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  • Category: Miscellaneous

    How long will it take for Kerala to become normal?

    Even those who have nothing to do with the Kerala floods will be shocked to see the devastation. Here, in Tamil Nadu and elsewhere, particularly in the city of Coimbatore, people are very much worried about the number of days that it will take for Kerala to become normal once again.

    The first reasoning is the suffering of the people. Those in camps have to be taken care of. The voluntary help is even better than the Government. Teams of doctors have already landed there from T Nadu and elsewhere to offer medical assistance. It is high time for Corporate Hospitals like Apollo to show that they care for the society. If there are some terminally sick patients for whatever reason, the likes of Apollo should treat them free at Chennai an other hospitals too.

    The second reason is commercial. There is a huge amount of trade between the two States. For example, the fresh banana chips from Palghat is a big hit in some many surrounding towns like Pollachi. People are really worried.

    Since we do not as yet know the exact position, those with full knowledge please do so. On our part, we will mobilize even more doctors and nurses to help the needy.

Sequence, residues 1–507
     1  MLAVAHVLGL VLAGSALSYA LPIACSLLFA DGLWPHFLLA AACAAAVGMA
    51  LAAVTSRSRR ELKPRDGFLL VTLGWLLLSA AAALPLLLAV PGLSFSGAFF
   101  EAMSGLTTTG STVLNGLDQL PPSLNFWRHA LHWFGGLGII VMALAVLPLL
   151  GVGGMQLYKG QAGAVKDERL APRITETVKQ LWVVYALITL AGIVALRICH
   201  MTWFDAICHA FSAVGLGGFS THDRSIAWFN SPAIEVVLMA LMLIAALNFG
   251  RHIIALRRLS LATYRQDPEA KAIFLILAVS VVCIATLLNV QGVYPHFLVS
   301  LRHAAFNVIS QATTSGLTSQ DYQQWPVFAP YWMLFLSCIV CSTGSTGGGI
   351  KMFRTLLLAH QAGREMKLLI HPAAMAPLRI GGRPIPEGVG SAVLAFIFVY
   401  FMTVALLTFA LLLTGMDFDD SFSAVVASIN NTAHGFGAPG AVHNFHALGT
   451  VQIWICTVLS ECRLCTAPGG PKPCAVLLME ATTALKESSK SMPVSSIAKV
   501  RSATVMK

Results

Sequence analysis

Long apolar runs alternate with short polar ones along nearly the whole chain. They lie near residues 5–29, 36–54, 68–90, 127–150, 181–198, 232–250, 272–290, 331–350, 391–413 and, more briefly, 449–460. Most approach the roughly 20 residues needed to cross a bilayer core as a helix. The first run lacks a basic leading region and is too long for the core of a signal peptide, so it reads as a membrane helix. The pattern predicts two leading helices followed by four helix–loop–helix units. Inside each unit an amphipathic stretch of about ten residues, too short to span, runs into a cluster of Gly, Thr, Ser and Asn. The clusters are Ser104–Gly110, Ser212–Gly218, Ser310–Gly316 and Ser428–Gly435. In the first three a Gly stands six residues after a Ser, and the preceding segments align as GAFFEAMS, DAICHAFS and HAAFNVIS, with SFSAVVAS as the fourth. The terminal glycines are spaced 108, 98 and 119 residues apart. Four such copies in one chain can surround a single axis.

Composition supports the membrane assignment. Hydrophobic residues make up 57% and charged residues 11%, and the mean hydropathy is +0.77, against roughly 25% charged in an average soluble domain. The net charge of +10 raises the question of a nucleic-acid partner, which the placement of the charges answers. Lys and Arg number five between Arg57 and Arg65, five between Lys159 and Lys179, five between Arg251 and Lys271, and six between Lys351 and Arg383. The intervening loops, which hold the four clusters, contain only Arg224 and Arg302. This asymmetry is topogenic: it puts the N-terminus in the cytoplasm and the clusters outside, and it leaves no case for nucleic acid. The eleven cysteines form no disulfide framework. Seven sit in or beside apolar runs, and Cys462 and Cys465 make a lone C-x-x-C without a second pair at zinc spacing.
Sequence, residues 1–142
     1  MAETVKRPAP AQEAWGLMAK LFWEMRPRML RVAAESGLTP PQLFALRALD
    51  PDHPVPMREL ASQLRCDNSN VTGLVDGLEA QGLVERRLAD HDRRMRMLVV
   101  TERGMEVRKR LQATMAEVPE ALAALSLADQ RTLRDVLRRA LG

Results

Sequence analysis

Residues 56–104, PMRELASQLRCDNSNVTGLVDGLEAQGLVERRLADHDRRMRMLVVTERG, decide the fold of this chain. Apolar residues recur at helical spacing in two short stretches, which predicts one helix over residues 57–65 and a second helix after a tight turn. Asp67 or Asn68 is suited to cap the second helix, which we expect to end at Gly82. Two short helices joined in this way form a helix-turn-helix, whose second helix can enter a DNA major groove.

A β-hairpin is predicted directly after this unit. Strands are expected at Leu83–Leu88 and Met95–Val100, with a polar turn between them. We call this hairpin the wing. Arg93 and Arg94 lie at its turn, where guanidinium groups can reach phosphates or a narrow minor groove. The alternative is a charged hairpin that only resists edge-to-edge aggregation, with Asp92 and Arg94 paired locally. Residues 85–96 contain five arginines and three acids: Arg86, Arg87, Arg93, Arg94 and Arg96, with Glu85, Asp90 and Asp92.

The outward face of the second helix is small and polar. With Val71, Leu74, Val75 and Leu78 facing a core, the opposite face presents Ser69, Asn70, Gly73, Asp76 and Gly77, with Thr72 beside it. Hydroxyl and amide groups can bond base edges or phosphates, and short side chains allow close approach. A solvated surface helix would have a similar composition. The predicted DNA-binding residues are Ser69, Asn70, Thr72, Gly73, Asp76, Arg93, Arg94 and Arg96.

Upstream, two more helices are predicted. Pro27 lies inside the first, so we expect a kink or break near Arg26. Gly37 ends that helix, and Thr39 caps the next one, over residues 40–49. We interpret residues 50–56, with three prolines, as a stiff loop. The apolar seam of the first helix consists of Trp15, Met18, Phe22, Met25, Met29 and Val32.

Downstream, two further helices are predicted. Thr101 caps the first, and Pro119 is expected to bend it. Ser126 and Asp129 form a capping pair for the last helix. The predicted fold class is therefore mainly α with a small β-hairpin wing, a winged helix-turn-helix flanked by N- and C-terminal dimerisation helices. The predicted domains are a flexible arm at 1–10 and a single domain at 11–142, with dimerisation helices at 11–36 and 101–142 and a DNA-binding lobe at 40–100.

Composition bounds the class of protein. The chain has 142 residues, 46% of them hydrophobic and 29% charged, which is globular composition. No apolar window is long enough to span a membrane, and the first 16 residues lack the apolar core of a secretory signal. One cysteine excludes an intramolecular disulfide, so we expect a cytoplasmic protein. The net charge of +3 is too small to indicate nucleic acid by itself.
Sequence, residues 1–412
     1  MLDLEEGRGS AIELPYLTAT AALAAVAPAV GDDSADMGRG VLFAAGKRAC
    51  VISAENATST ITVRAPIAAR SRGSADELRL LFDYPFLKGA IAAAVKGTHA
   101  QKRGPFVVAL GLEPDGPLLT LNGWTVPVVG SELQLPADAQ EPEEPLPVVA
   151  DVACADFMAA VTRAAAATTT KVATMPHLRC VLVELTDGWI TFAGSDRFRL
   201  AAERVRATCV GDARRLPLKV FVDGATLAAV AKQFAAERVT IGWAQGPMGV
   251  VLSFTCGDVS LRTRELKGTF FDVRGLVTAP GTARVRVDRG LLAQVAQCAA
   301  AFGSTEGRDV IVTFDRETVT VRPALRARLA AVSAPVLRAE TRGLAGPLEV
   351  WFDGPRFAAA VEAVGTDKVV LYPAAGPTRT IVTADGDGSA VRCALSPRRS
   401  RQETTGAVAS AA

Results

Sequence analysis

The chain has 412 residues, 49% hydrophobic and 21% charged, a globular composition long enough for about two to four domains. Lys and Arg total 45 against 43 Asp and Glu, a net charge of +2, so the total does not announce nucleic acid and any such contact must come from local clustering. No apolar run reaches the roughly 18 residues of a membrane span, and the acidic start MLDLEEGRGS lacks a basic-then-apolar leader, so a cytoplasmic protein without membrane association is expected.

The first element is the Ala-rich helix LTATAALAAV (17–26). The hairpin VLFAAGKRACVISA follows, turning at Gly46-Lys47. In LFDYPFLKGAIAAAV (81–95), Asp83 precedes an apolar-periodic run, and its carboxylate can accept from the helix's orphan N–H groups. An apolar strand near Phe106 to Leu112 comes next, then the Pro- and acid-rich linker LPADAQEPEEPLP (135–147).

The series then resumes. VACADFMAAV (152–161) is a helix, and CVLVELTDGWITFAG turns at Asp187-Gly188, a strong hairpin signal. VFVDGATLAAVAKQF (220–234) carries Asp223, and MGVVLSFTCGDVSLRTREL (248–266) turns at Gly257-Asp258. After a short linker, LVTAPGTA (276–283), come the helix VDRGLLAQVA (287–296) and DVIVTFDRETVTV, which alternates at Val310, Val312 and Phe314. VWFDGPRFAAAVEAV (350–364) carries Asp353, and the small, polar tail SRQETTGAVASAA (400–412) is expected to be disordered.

• #646177
    By seeing the worst floods in recent time and the amount of water which has flown from all parts of the places in Kerala , I presume it would take much more days for things to become normal as there is no place to flush out the water and after flushing the water, the slush has to be removed, otherwise it would prove fatal to the walking people and also slippery to the vehicles. All these needs special attention from the civic authorities and I am afraid the civic authorities with meager staff cannot attend to all places on war footing. So my estimate of things coming to normal if further rains are not forecast would be 6 months.
    K Mohan
    'Idhuvum Kadandhu Pogum "
    Even this challenging situation would ease

  • #646188